28. Capabilities Capabilities CapabilitiesCapabilities 29. Distribution

  • Liz Claiborne distributes mostly through Department Stores
  • Liz Claiborne opened First Issue, retail, and outlet stores
    • eliminate threat of competition

30. Marketing

  • Liz Claiborne markets its merchandise as outfits instead of separates
  • Have six seasonal lines
  • To market product outside U.S. - tailor strategies specifically for each country

31. Innovation

  • Design Skill - design mix-and-match coordinates that can be variously combined
  • Modern classic rather than trendy
  • Designed with practicality, style, and longevity in mind
  • Goal is customer confidence

32. Core Competencies 33. Brand Name

  • Liz Claiborne symbolizes quality
  • Outfits more women than any other designer
  • Diversity of logo

34. Marketing

  • Leader in outfit marketing
  • Market cultural tailored clothing in boutique style shops
  • Strategic action of ignoring standard for option of six seasonal lines

35. Technology

  • SURF (System Updated Retail Feedback)- provides weekly reports on sales trends nationwide
  • Enables management to make long-term and short-term fashion plans

36. Distribution

  • Distributes through high quality, reputable department stores (Filenes, Bloomingdales, Lord & Taylor, and Macys)
  • Operation of Company-owned stores act as laboratories
  • Outlet stores located a distance away from department and retail stores to preserve brand name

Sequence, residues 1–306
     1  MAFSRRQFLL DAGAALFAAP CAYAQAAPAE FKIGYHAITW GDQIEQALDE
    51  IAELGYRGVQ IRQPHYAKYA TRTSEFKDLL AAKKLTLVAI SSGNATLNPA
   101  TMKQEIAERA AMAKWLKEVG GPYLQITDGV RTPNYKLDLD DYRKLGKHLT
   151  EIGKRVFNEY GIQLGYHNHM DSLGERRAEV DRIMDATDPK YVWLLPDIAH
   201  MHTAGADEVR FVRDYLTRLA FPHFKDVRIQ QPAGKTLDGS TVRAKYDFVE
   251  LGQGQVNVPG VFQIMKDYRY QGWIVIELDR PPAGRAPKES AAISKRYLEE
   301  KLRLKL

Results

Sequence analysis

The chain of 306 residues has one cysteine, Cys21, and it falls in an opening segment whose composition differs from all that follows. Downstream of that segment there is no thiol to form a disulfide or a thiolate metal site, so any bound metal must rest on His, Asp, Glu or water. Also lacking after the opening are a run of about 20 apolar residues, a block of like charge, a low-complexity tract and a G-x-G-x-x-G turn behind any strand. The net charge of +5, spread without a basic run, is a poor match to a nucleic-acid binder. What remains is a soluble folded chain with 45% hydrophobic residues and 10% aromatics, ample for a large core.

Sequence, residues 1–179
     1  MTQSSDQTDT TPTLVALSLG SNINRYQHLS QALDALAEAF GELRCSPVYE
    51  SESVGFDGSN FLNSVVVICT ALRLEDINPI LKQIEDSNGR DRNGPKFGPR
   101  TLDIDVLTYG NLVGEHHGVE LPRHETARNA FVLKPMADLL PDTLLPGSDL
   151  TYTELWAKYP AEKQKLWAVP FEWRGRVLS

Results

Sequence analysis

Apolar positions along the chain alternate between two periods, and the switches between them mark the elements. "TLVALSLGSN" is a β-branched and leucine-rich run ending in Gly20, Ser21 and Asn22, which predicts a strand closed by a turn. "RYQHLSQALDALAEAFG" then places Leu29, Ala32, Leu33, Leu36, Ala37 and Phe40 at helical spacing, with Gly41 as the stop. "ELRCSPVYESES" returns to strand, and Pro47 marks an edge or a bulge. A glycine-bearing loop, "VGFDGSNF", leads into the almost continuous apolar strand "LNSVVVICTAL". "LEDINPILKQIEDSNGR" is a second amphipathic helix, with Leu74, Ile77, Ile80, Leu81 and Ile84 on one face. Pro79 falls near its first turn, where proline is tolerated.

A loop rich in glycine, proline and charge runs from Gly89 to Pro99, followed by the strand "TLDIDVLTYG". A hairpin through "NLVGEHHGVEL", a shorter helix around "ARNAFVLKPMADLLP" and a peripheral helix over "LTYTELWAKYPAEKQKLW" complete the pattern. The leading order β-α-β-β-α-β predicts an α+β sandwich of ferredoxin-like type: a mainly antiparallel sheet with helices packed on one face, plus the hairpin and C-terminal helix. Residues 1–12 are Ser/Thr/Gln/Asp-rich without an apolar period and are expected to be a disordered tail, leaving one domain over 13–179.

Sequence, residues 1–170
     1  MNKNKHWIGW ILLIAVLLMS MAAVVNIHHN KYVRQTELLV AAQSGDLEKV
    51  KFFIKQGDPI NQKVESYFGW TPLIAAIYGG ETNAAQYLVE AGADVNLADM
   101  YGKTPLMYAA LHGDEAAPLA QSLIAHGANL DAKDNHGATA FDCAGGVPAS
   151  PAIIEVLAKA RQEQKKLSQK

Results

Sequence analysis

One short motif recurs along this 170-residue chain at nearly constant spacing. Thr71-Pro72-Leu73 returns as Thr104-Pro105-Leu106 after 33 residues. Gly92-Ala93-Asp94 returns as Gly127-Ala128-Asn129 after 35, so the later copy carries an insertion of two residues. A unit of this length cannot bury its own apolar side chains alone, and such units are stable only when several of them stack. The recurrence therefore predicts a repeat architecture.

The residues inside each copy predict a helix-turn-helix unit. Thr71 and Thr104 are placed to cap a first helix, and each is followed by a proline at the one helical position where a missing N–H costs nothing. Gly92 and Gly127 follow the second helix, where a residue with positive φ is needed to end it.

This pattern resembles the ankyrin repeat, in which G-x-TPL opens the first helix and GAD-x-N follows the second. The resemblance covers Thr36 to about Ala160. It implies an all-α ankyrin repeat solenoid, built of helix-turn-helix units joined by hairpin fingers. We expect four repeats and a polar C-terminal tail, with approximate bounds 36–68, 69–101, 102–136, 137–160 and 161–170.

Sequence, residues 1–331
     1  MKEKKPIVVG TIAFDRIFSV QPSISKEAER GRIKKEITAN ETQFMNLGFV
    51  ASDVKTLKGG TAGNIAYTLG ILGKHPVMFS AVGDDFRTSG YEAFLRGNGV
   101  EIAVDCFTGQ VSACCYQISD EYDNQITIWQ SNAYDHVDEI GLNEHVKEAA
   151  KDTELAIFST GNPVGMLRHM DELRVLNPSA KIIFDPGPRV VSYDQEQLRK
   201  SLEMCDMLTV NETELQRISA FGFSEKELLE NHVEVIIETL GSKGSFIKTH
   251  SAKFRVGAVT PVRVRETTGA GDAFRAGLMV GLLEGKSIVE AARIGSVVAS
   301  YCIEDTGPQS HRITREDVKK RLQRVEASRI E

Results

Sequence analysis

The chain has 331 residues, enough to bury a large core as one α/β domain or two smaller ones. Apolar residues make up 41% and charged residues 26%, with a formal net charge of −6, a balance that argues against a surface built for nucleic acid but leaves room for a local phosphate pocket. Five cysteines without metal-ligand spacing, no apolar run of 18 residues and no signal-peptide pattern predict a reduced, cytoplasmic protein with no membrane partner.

37. Financial Analysis 38. Ratio Analysis

  • The following is a financial analysis of profitability, liquidity, debt management, activity and shareholders return ratios
  • Data is from 1993, 1997, the industry, and the market
  • * Textile - Apparel Clothing
  • ** 8,000 Publicly Traded Companies


  • Profitability ratios show the combined effects of liquidity, asset management, and debt management on operating results.
    • Return on assets measures the amount earned on each dollar invested in assets
    • The net profit margin represents the amount of each dollar of revenue that results in net income Liz ClaiborneIndustry*Market** 1993 1997 1997 1997
    • Return on Assets 10.3%13.3%7.8%2.5%
    • Net Profit Margin5.8%7.7%5.3%5.7%

Profitability 40.

  • Liquidity ratios measure the risk level and ability of a firm to meet its current obligations.
    • The quick ratio measures the companys ability to pay its short-term obligations
    • LizClaiborneIndustry*Market**
  • 1993 1997